Marvel’s Artistic New Wave of the 1980s -- Part 2
More Marvel artists who changed the look of comics in the 1980s!
In the first part of this series, six of Marvel’s best comic artists of the 1980s were featured alongside just a glimpse of their incredible work. Today, we have even more! This group features a mix of talent that blazed throughout this revolutionary decade. Here are five more talents who took the comics world by storm in the 1980s.
John Romita Jr.
In the late 1970s, John Romita Jr., the son of legendary AMAZING SPIDER-MAN artist John Romita, began working at the House of Ideas. He even ended the decade penciling a run on IRON MAN that included the famous "Demon in the Bottle" story. He first drew Spider-Man in PETER PARKER, THE SPECTACULAR SPIDER-MAN #39 in 1980 then followed that up with AMAZING SPIDER-MAN #204 a few months later. With AMAZING SPIDER-MAN #210, he became the regular series artist while also penciling IRON MAN.
Romita made his way around the Marvel Universe throughout the rest of the decade, but made a death-defying landing when he took over artistic duties on DAREDEVIL with 1988's DAREDEVIL #250. Ann Nocenti had essentially taken over on issue #238 after Frank Miller left the book again. Both writer and artist acquitted themselves wonderfully in taking the dark elements Miller created and carrying them on through into the 1990s. As the ‘80s progressed, Romita's style developed from a solid, but somewhat standard look into one of the more unique takes on characters that can be instantly recognized to this day.
Though she's most well-known for co-creating POWER PACK, June Brigman's first Marvel work actually came in the form of a 1984 story called "The Gift" in the black and white magazine THE SAVAGE SWORD OF CONAN #100. Brigman also worked with Bill Sienkiewicz on the cover of NEW MUTANTS #17.
However, with the aforementioned POWER PACK launch, Brigman and writer Louise Simonson not only marked one of the few all-female teams in comics at that time, but also began creating one of the best all-ages comics of that era. Brigman worked on most of the first 17 issues, laying down the groundwork for these characters who continue having an impact on Marvel comics to this day. In 1987 she became the regular penciler on ALPHA FLIGHT until a kid by the name of Jim Lee came on board.
Todd McFarlane began his work at Marvel on a title called COYOTE for the Epic Comics imprint in 1985. After a few years away from Marvel, he returned to pencil SPITFIRE AND THE TROUBLESHOOTERS for the New Universe imprint before beginning a solid run on INCREDIBLE HULK with issue #330, where he was soon joined by Peter David who began his own epic run on issue #331. They worked together on that title for just about every issue until INCREDIBLE HULK #346.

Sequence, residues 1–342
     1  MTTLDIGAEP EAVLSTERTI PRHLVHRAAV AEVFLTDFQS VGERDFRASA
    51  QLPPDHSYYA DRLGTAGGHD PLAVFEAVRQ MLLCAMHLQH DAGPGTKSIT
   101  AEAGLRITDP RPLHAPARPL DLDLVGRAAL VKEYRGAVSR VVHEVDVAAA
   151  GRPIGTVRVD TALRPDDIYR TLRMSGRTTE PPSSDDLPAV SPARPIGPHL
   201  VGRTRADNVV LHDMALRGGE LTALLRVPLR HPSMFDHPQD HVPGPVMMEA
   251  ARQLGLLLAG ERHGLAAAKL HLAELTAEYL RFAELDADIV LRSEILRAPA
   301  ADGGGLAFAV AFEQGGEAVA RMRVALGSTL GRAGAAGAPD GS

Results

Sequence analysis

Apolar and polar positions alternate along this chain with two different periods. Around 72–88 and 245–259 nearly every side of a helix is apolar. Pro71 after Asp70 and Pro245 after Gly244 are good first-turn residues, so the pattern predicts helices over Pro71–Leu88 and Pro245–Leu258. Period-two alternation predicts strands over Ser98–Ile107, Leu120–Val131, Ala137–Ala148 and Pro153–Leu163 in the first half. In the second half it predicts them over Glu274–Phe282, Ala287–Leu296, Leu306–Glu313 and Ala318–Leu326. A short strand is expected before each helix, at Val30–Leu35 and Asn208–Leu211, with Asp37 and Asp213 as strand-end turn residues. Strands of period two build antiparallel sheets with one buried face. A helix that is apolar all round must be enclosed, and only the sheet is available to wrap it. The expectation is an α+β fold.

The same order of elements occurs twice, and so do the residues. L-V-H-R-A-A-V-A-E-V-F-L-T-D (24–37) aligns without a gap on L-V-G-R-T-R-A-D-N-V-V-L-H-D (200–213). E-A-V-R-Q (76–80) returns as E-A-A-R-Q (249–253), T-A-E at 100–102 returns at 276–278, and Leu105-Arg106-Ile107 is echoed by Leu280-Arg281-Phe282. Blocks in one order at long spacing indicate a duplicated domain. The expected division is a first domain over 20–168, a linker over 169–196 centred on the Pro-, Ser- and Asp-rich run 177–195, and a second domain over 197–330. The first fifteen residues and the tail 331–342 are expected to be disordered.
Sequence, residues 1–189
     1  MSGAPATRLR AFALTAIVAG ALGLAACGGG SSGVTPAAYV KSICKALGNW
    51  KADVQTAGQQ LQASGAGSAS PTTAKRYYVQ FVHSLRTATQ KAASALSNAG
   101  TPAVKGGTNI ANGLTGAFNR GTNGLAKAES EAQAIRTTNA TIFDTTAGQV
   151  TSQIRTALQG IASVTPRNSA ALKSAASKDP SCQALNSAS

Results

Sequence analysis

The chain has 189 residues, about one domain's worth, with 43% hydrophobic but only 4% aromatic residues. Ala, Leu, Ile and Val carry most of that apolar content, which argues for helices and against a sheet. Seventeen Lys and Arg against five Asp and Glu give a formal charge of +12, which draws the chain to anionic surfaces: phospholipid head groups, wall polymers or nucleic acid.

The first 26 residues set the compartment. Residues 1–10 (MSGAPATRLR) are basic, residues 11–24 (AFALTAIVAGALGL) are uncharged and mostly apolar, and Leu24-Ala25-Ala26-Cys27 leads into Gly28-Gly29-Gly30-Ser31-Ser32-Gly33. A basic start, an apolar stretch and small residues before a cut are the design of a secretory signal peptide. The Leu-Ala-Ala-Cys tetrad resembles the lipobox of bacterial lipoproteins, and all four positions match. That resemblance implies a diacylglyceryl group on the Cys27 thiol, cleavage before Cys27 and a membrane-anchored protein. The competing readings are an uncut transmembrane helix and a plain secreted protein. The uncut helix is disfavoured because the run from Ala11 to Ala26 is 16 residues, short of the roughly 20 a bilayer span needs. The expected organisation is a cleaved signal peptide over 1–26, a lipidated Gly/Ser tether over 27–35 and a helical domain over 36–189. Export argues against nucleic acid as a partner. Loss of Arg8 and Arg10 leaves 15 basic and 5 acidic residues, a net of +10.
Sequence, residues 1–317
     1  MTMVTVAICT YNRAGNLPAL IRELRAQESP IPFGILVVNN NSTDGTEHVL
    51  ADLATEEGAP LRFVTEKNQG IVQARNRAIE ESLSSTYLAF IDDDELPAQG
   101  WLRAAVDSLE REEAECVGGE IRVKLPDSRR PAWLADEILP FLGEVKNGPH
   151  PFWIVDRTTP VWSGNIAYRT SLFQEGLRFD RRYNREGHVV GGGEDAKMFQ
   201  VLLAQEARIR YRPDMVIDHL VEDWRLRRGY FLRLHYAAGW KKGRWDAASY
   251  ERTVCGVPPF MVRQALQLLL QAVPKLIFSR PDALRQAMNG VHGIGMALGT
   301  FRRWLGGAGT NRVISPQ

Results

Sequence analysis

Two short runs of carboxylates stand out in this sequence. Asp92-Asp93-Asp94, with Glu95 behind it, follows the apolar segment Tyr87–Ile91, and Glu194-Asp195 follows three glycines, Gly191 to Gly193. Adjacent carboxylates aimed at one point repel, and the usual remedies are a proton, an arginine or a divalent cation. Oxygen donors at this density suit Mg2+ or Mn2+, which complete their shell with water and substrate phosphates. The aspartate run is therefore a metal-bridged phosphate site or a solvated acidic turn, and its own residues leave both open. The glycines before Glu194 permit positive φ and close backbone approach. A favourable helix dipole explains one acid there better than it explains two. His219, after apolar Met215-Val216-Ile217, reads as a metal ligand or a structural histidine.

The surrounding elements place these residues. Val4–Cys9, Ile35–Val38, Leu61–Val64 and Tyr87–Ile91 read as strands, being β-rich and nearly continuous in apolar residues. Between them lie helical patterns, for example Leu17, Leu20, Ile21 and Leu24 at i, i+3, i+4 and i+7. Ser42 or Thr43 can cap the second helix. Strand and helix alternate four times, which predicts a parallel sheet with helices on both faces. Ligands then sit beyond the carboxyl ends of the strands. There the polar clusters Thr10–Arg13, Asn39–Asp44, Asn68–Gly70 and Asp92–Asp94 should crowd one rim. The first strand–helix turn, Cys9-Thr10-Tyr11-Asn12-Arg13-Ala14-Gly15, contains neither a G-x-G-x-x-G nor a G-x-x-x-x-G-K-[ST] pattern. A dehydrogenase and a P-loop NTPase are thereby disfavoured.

In 1988, McFarlane debuted on AMAZING SPIDER-MAN with issue #298 just in time to celebrate the 300th issue and, possibly more importantly, helping develop and introduce Venom for the first time. The artist then carried on with that title until the end of the decade. McFarlane would go on to sell millions of comics in the ‘90s first at Marvel with SPIDER-MAN #1 and then with SPAWN at Image a few years later. Looking at his ‘80s work, you can see how McFarlane grew, but also a lot of the elements he began perfecting ranging from huge bruisers and lithe super folks fighting monstrous foes!
Though he was more associated with his creator-owned denizen of Hell, Mike Mignola cut his artistic drawing entries for the OFFICIAL HANDBOOK OF THE MARVEL UNIVERSE and inking interiors on MASTER OF KUNG FU and POWER MAN AND IRON FIST in the early ‘80s. By 1985, he drew all four issues of the ROCKET RACCOON limited series and had brief stints penciling ALPHA FLIGHT as well as INCREDIBLE HULK #311-313.
Before eventually moving on to build his own worlds in the early ‘90s, Mignola closed out the decade by teaming with Roger Stern on the DOCTOR STRANGE & DOCTOR DOOM: TRIUMPH AND TORMENT graphic novel. Though he showed signs in his earlier work, this book really put the artist's talent for mixing the supernatural with the Super Heroic in ways that could be both beautiful and disturbing at the same time.
The incredibly detailed artwork of Marc Silvestri first made itself known in the House of Ideas with 1982's CONAN THE BARBARIAN #135. He would return more than a few times to work on KING CONAN/CONAN THE KING, but also did one-offs like the Namor-centric WHAT IF #41 and the Living Monolith MARVEL GRAPHIC NOVEL entry. In 1986, he began a brief run on WEB OF SPIDER-MAN #16-22 (minus issue #21) before first dipping his toe into the world of X with X-FACTOR #8-9. The following year, he did X-FACTOR #12 and then the four-issue series X-MEN VS. AVENGERS.
With UNCANNY X-MEN #218 he began a run on that title with Chris Claremont that would essentially carry over to the beginning of the ‘90s. Along the way they introduced, Mr. Sinister (issue #221) and Jubilee (issue #244), drafted iconic covers for issues #234 and #251 (both featuring Wolverine in precarious situations) and a pair of crossovers in FALL OF THE MUTANTS and INFERNO. He and Jim Lee would trade off issues leading into the ‘90s, which is around the time Silvestri switched gears over to WOLVERINE for another epic run.
As these artists have proven, Marvel Comics has always been able to adapt and change along with the rest of pop culture while opening doors – and sometimes entire universes – for its growing stable of classic characters. Super Heroes and Villains went to darker, stranger, and more dangerous places thanks to these risk-taking creators – and the greatest reward for those risks was timeless tales for the Marvel canon!
For more about Marvel’s 80th anniversary, visit Marvel.com/marvel80!
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